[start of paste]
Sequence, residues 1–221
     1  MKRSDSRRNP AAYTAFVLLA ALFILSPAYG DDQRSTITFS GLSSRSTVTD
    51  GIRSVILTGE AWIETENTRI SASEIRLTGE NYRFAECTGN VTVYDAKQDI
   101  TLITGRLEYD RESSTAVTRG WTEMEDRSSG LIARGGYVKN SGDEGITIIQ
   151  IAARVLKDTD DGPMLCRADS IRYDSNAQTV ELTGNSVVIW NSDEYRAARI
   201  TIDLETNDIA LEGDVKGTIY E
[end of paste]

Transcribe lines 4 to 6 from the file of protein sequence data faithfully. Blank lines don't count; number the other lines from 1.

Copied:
   101  TLITGRLEYD RESSTAVTRG WTEMEDRSSG LIARGGYVKN SGDEGITIIQ
   151  IAARVLKDTD DGPMLCRADS IRYDSNAQTV ELTGNSVVIW NSDEYRAARI
   201  TIDLETNDIA LEGDVKGTIY E